CRAMER: It's hard to think of one single example from the last year, year and a half or two years of Republican saying you know this was too much for me, I can't support the ticket. I agree with Ana.

HERNDON: Well, I think for evangelicals, that transaction with Donald Trump worked. They got those Supreme Court justices in, which led to the overturning, which was their main goal.

NAVARRO: That's true.

BERMAN: All right. Friends, thank you very much. Great discussion, we really appreciate it.

Ahead, two battleground races that often don't come up in conversation, but the results could rock election night.

Plus, new reporting this hour on the January 6 committee. Members are pursuing testimony that could close in on former President Trump.



BERMAN: All right. We're about to show you some live pictures from Syracuse, New York, where President Biden is set to speak. He's going to tout what he believes to be White House accomplishment on the economy and we expect lean into Republicans.

Let's listen.

UNIDENTIFIED FEMALE: He understands the value of our workers in the United States and that we've always as workers stepped up to help our communities and our country, that the workers of this country should be respected. As well as the unions in this company -- in this country, excuse me. (APPLAUSE)

UNIDENTIIFED FEMALE: So, he made some promises when he got elected. I remember some of these promises. They're right down on this paper here. So, I'm going to read those.

BERMAN: All right. We will come back to this in the second, for a moment, though, our politics lead, CNN covering significant developments today in two of the investigations surrounding former President Donald Trump. We have new insight into where the January 6 committee is heading next with its probe.

Also, members of Trump's legal team and Justice Department lawyers are meeting in secret today in Washington over the Mar-a-Lago documents case.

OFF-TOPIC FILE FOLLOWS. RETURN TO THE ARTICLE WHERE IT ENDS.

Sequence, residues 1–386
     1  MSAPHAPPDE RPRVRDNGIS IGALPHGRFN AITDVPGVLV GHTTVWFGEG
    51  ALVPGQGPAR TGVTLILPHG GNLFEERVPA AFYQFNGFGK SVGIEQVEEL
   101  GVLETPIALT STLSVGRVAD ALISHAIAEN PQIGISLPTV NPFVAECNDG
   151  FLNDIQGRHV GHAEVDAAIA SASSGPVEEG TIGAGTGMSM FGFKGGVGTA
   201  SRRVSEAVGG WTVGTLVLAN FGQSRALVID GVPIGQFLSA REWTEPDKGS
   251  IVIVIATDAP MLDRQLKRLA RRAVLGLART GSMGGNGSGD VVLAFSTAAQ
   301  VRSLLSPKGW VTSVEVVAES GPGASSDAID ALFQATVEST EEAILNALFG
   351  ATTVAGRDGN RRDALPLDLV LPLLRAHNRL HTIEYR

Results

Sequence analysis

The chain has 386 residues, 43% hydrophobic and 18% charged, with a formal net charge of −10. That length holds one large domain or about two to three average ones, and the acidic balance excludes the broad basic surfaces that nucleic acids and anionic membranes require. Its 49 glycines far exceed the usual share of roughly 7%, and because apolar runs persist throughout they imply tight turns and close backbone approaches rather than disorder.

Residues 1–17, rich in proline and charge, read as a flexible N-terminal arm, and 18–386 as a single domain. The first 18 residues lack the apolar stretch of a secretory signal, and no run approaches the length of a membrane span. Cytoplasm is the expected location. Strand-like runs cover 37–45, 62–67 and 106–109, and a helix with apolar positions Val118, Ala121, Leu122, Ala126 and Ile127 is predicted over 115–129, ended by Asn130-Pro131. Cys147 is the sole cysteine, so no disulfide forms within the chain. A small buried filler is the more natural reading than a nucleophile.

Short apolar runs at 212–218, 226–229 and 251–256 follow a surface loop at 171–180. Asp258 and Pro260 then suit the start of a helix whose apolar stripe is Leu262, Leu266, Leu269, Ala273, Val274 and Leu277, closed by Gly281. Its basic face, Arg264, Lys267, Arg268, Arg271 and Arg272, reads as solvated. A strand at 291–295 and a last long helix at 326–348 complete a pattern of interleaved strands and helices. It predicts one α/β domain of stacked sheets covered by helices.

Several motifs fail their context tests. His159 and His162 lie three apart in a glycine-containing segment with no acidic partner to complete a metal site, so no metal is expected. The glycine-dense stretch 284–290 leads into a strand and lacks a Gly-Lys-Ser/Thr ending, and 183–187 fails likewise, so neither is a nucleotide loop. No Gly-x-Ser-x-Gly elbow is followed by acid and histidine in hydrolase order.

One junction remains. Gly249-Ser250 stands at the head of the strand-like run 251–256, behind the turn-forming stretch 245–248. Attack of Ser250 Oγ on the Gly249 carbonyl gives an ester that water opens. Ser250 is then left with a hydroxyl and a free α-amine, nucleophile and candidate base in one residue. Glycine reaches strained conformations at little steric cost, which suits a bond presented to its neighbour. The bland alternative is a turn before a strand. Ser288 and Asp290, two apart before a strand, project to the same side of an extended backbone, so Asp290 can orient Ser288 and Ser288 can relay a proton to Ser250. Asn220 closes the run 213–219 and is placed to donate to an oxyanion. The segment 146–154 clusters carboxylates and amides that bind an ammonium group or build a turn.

Let's go first -- well, CNN's Jamie Gangel is with us. Kaitlan Collins s with us as well. As well as CNN's senior legal analyst, Elie Honig.

Jamie, I want to start with you on this new reporting on the January 6 Committee and the Secret Service.


JAMIE GANGEL, CNN SPECIAL CORRESPONDENT: So, John, first of all, I want to say this is team effort. Annie Grayer, Zach Cohen, Whitney Wild, all working on this.

We have learned that the January 6 committee is wrapping up its review of more than a million pages of Secret Service documents and it has now begun to schedule interviews, to bring in to top Secret Service agents, former agents and officials from the agency. They're expected to testify in the coming weeks.

We know that the committee has said it intends to call back two key witnesses, former Secret Service Assistant Director Tony Ornato, who you see there, the Trump's lead Secret Service agent on the day of the attack, Robert Engel. But in addition, we're told the following other witnesses are under consideration, Kimberly Cheatle, the new Secret Service director, Anthony Guglielmi, I hope I pronounce that correctly, who is the Secret Service's chief of communications, he was just appointed in March and was not at the agency at the time of the attack, but he has handled key responses to the committee. Also Timothy Giebels, who was the head of former Vice President Mike Pence's detail on January 6th and finally the driver of former President Donald Trump's SUV in the motorcade, his name has never been publicly disclosed.

So, John, our understanding is that committee has a lot of questions for these potential witnesses including, of course, what the Secret Service knew about those threats to Vice President Mike Pence and lawmakers ahead of the attack. You may remember in the October 13th hearing, the committee had found out that the Secret Service received an alert of online threats. These were made before the attack against then-Vice President Pence including the words that, quote, he would be a dead man walking if he doesn't do the right thing. And, finally, CNN has learned according to a source familiar, John,